Posts Tagged ‘earthquake’

The smog-nuclear connection: thicker than you might think

Tuesday, March 22nd, 2011

As the world waits eagerly for Japan’s quake-ravaged, tsunami-swamped nuclear-power plant to come back under control, it’s worthwhile to take a step back in time to an age when Cold War apprehensions about radioactive fallout intertwined with everyday aggravations about Southern California’s air pollution epidemic.

We detail and highlight some of the many facets about the intersection of cell-mutating isotopes and lung-scarring aerosols in our book, Smogtown: the Lung-Burning History of Pollution in Los Angeles.

Among other interesting morsels from the chronicle:

* In the paranoid 1950s, the Eisenhower Administration buffaloed officials at the forerunner of today’s South Coast Air Quality Management District, Los Angeles County’s Air Pollution Control District (APCD), to perform airborne monitoring not just of tailpipe emissions but of radioactive particles drifting from above-ground nuclear weapon tests in the Nevada desert. Ike’s White House was so serious about this new role for West Coast smog police that APCD staffers were required to undergo mandatory training at the U.S. Navy’s “Radiological Defense School” in San Fransisco. Few enjoyed it.

* The sampling ignited a provocative question: how more dangerous would the air be in the event of an ICBM attack on Los Angeles during a particularly smoggy day? Some Navy scientists hypothesized that our hydrocarbon-drenched air might, counterintuitively, be a blessing in atomic war, suggesting that the smog-component ozone might block up to 86 percent of the radiat heat that would otherwise blast the area.

* APCD suits were dragged again into America’s fledgling nuclear debate when Los Angeles City Hall, eying power demand spikes as the city population bulged, proposed construction of a 500,000-kilowatt nuclear power plant near Los Angeles County’s northern boundary. Asked for an analysis of possible dangers, air quality officials said the site was too dangerous. A substantial release of radioactive materials, they concluded, would, as we paraphrase in Smogtown, “burp a stagnant atomic thunderhead lashing Saugus, Newhall and surrounding population centers as far as forty-five miles away from ground zero. No matter the elaborate safety precautions against a runaway reactor or coolant leak, it was just too much of a chance.” Los Angeles, in the end, opted to search for other power sources.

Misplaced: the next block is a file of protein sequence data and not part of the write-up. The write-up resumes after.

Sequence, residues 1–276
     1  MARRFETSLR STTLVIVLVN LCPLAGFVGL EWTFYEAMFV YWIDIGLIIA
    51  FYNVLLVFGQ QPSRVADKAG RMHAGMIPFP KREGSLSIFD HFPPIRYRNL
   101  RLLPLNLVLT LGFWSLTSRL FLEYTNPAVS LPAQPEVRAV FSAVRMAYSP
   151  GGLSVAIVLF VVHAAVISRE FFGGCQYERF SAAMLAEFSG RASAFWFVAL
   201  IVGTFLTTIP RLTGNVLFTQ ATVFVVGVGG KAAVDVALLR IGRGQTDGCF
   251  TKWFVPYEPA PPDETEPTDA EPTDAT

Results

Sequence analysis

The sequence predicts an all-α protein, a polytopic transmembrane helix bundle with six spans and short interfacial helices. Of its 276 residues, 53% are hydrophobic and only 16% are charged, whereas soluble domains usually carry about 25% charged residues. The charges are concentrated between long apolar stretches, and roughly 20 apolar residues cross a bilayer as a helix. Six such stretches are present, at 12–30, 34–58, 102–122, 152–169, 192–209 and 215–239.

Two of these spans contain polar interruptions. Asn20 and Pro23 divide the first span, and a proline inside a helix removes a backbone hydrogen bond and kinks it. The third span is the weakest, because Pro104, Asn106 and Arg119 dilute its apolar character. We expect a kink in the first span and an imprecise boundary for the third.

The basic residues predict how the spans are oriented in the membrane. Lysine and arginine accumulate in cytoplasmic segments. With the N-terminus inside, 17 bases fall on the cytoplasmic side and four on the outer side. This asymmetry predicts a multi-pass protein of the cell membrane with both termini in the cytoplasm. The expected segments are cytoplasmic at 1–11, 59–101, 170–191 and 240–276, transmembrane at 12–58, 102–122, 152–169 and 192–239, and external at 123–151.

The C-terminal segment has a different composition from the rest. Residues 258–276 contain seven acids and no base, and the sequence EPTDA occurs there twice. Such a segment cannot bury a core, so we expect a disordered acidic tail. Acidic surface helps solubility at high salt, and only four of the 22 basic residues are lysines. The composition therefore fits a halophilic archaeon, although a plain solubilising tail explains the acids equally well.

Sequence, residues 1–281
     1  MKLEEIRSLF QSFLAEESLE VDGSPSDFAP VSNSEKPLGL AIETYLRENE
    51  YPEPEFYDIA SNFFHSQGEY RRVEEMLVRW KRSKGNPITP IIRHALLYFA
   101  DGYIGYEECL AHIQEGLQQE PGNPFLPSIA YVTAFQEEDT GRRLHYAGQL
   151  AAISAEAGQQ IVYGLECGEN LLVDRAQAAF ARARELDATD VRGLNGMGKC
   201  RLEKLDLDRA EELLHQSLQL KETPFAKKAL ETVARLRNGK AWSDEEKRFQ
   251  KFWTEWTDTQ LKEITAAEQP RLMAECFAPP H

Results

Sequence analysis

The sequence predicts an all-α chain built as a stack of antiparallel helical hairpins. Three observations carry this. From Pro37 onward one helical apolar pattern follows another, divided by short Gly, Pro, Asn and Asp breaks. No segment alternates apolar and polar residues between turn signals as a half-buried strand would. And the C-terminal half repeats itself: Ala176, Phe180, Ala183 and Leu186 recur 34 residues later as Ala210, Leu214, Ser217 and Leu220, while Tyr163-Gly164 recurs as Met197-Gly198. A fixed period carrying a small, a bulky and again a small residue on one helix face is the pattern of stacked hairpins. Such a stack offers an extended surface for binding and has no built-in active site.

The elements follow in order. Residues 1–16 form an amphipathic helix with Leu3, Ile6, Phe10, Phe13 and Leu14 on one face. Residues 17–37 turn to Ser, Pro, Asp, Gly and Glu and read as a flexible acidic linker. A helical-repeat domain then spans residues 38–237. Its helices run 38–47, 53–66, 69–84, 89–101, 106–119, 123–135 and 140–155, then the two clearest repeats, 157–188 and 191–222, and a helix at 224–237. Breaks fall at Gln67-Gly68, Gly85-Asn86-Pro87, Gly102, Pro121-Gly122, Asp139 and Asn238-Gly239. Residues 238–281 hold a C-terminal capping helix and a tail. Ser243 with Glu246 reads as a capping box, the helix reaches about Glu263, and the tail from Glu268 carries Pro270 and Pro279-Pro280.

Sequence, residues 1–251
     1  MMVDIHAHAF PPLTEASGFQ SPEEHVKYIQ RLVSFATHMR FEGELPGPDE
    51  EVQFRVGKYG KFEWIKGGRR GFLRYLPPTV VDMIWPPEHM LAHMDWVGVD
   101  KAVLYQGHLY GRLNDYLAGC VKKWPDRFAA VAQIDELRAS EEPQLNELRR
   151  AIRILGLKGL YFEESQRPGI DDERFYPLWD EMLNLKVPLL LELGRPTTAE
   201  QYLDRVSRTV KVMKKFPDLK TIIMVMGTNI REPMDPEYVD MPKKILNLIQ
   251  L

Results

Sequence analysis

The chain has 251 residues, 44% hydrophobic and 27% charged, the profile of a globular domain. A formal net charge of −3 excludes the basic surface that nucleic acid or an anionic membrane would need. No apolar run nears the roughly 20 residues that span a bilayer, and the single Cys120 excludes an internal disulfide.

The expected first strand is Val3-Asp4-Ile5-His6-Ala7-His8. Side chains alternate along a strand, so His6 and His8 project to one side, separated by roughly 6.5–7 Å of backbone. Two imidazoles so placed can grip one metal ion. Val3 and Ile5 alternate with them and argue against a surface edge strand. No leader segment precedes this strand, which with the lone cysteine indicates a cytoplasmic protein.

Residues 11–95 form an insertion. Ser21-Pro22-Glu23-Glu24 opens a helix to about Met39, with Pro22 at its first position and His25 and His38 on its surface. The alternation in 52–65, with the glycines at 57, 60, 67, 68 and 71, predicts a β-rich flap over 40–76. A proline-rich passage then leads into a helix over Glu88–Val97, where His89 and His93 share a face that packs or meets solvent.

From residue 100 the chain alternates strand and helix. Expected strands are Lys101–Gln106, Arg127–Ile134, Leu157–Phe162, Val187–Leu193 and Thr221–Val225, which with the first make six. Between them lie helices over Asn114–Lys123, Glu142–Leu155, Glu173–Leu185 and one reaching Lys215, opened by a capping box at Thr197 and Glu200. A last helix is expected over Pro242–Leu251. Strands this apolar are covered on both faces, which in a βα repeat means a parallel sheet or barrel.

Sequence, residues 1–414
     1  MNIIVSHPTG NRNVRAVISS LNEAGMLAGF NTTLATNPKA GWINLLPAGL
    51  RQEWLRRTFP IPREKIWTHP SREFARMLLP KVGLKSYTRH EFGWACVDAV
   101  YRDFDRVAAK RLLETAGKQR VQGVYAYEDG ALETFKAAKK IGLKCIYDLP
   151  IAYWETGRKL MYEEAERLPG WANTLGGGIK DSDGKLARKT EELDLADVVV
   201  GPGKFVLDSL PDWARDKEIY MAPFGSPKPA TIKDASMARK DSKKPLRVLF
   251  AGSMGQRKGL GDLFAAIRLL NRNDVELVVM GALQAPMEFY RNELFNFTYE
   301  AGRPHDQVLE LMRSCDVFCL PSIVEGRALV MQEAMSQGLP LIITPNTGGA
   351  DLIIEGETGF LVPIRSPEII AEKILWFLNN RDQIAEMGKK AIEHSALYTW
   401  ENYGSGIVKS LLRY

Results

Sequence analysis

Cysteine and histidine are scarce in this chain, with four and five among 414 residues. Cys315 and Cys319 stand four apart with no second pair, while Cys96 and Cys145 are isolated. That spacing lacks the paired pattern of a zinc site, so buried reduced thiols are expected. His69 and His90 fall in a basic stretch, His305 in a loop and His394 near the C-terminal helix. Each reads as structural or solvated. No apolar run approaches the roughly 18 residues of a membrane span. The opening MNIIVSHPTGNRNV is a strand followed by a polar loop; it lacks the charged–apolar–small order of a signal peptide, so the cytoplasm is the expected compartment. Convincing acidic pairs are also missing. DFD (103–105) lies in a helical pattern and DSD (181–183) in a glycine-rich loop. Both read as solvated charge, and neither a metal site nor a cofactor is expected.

There’s much more in the book about how the Cold War/national security culture and the dawning of ”peaceful” nuclear power coexisted, separated and then reconnected with ever-changing smog in our understanding of aerborne toxics.

A bubbling brew of catch up news, Smogtown-style. Busy time around these parts, working on a new book and reporting, and loving every bit of it.

Saturday, March 6th, 2010

* The law of unintended geology – how the Haitain quake will reverse ecological repair. From the Newsweek story

” … Since the earthquake decimated Haiti’s capital city, much has been said about the country’s dire poverty. But Haiti is not only the poorest country in the Western Hemisphere; it’s also the most environmentally degraded. Less than 1 percent of its original forest cover remains, and 6 percent of the land has virtually no soil left. Both are due to a vicious cycle of overpopulation, poverty, and natural disasters. Each increases susceptibility to the other and as time wears on, it’s evident that to be effective, all problems must be attacked at once. For what some say was the first time, scientists were trying to do just that—Levy and Fischer’s work was among the first steps toward a more integrated development program addressing both economic and environmental concerns. Now that work has been put on hold …”

* Here come the fast-talking men from L.A. again – interesting piece on turning pillaged Owens Valley into a giant solar energy farm. From the L.A. Times story:

“First it was silver ore that streamed to Los Angeles from the rim of the Owens Valley, then the water from the valley floor.

Now, L.A. has come back for the sunshine.

The Los Angeles Department of Water and Power, the agency responsible for turning Owens Lake into a dusty salt flat and snatching up nearly every acre from Lone Pine to Bishop, has its sights on transforming the Owens Valley into one of largest sources of solar power in America …”

* Erin, where art thou? An update on the legal career of activist Erin Brockovich. Los Angeles Business Journal story

* Pretty good story from the L.A. Weekly about the health effects of living near freeways. Their toxic, as if we didn’t know that. Some relatively new studies here and a rambling search for City Hall accountability. Link

* Steak AND Smog: the cows of the Central Valley and the greenhouse- methane problem. L.A. Timesstory

* A potential game changing way to produce electricity at home with a fuel cell that combiones air and different fuels without combustion. Think of the countless benefits. L.A. Times link: